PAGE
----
Mar. 29th, 2012

reverancepavane: (Dejah)

Speaking of the dichotomy between those who have read the books and those who haven't, it is interesting to see the differences in opinion between those who have read the books and those who haven't (including myself), with regard to The Hunger Games.

Amongst the literati, there seems to be a focus on the fact that the social milieu was not explored in the film to any great degree, and I'm afraid I have to disagree with this. I actually think that writer/director Gary Ross did a marvellous job translating Suzanne Collin's book to the big screen.

First of all, you cannot take any reasonably-sized book and cut it down to make a two hour movie without leaving out substantial elements. Focusing on the actual Hunger Game itself allowed him to concentrate on the essential element, and the major concern of the protagonist (Katniss), which was "I'm now in the Hunger Game and am likely to die." The remainder is really peripheral for the sake of telling the story of her participation.

Secondly, the social milieu was constantly impinging on the consciousness of the movie-goer, from the ridiculous costuming (more style than substance) at the Capitol, to the extreme poverty of the outlying Districts. There were plenty of off-hand mentions, that intrigued people into wondering about this world and how this social custom had evolved. But there were no lamp-shades hung on them - no exposition. These were accepted facts known to everyone in the world, and didn't need explanation (remember we, the audience, are accompanying Katniss into the arena). So her acceptance, unhappy though it is, of the social order is taken as matter of fact. It is the stuff that is strange to her that attracts her, and the audience's, attention.

Now this is excellent story-crafting. It doesn't make any attempt to explain. Just accepts, but it raises questions and expectations. But it provides hints that there is a tipping point coming, and that Katniss might be critical to this event. The foreshadowing provided by Donald Sutherland as President Snow at the end of the movie was excellent (in conjunction with his performance throughout). Just the attentive and measuring analysis of her potential weak points in case she was ever to come to his personal attention again (as opposed to sinking into the guilty stupor of most survivors of the Game).

possible spoiler )

All the actors were magnificent. Jennifer Lawrence did an excellent job as Katniss, but that would only be expected from her role as Ree in Winter's Bone. Donald Sutherland was marvellously inscrutable. And Woody Harrelson was suitably a haunted mess for having survived the games, and for knowing what happens when you buck the System.

Anyway I'm looking forward to the next one. Especially as it seems the critics are ensuring that there will never be another Barsoom movie to prove that their knives are sharp.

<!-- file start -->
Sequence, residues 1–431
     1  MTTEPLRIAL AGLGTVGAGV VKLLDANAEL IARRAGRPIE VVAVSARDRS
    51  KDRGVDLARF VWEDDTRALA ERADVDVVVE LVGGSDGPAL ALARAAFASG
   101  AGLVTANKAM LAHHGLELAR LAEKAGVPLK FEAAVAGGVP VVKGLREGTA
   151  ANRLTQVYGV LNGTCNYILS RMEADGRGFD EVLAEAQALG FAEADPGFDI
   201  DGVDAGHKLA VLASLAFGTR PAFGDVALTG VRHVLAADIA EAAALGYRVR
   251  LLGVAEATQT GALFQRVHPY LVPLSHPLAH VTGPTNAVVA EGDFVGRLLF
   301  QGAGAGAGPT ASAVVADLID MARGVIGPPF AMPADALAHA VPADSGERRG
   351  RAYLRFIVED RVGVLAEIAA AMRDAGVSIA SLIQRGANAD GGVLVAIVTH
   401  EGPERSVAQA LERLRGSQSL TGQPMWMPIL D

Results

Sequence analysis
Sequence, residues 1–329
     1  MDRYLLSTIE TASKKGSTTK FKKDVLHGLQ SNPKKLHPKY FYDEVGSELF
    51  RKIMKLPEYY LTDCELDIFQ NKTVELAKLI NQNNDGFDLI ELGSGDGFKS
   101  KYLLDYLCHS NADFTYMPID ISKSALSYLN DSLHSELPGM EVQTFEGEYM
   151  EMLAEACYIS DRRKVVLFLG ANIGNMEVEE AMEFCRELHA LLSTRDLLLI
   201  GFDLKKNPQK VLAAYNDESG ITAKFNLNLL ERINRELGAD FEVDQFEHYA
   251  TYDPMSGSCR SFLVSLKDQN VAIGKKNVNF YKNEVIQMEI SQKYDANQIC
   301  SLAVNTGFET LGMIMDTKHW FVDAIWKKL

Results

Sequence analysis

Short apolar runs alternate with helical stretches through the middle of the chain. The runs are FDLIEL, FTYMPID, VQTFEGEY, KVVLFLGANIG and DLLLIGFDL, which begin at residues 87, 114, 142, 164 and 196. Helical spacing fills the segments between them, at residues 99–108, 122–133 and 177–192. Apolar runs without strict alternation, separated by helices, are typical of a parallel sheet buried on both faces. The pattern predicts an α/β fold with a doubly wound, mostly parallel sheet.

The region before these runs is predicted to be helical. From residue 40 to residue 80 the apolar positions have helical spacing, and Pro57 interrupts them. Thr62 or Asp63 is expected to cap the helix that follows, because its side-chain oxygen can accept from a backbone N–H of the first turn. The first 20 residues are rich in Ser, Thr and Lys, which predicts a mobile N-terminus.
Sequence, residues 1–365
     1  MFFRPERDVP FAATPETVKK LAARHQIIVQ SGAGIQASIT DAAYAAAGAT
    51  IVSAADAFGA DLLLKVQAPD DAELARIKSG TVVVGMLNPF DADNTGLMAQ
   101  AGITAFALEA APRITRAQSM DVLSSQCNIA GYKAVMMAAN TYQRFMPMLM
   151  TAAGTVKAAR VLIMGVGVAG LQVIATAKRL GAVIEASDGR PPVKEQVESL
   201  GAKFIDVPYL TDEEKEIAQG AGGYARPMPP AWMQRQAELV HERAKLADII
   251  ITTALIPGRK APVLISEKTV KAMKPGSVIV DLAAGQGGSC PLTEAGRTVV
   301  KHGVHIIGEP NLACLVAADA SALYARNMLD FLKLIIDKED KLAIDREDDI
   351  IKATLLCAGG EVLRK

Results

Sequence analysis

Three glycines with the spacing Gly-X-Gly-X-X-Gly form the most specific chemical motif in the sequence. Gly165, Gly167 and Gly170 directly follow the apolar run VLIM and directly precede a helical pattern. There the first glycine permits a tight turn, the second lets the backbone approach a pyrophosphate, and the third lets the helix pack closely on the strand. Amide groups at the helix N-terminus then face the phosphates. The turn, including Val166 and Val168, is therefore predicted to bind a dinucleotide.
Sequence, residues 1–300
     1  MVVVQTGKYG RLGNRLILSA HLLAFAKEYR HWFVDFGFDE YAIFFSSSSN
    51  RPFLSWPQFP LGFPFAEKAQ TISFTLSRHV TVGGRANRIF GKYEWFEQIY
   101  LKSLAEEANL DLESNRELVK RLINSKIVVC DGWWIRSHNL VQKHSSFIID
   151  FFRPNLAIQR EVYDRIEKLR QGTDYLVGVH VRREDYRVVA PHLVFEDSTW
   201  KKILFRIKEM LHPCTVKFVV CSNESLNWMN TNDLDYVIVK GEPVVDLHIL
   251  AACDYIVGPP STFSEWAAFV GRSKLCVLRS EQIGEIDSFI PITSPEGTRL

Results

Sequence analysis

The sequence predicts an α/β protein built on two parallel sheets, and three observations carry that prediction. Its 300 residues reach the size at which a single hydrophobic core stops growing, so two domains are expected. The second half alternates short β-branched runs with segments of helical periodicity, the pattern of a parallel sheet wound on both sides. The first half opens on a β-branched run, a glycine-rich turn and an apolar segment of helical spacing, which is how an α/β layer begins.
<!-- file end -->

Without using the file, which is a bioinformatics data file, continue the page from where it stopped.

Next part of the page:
It was also interesting noting the number of people claiming that there was no way such an institution could have evolved, and that they would die to prevent their child being taken. But that's not the point. Would you be willing to die to let some other child (someone you didn't know), live? At the cost of your own child probably dying as well? Would you risk that? Especially when the alternative is the 99.997% probability that your child would make it safely through the seven years of choosing? As opposed to a 90% chance of them dying in open rebellion? Of course, if your child is chosen, you have a reason to be outraged, but by then it's too late. Everyone else will be secretly glad/relieved that it wasn't their child chosen, and that guilt is a powerful demotivator. And the human ability to rationalise away unpalatable facts is very impressive.

[The Gestapo had a wonderful technique for turning people through guilt. They set up an apparatus where a close relative was given an electric shock. But you could take the electric shock instead by pressing a (spring-loaded) button. Unfortunately there is a limit to how much you can endure, so it is inevitable that you release the button eventually. Each time you do, the charge gets ratcheted up a small amount, so it becomes harder to endure. Eventually the close relative dies, and you cannot help believing that it is your fault. If only you were a little bit stronger. If only you could have been shocked to death instead. The guilt/failure was incredibly powerful – even though there was nothing you could have done and you might as well not have pressed the button yourself and just let your mother/father/wife/husband die (and then be shot yourself) – and very effective at breaking the target. Especially if another loved one was available and held hostage as well.]


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Ian Borchardt

October 2012

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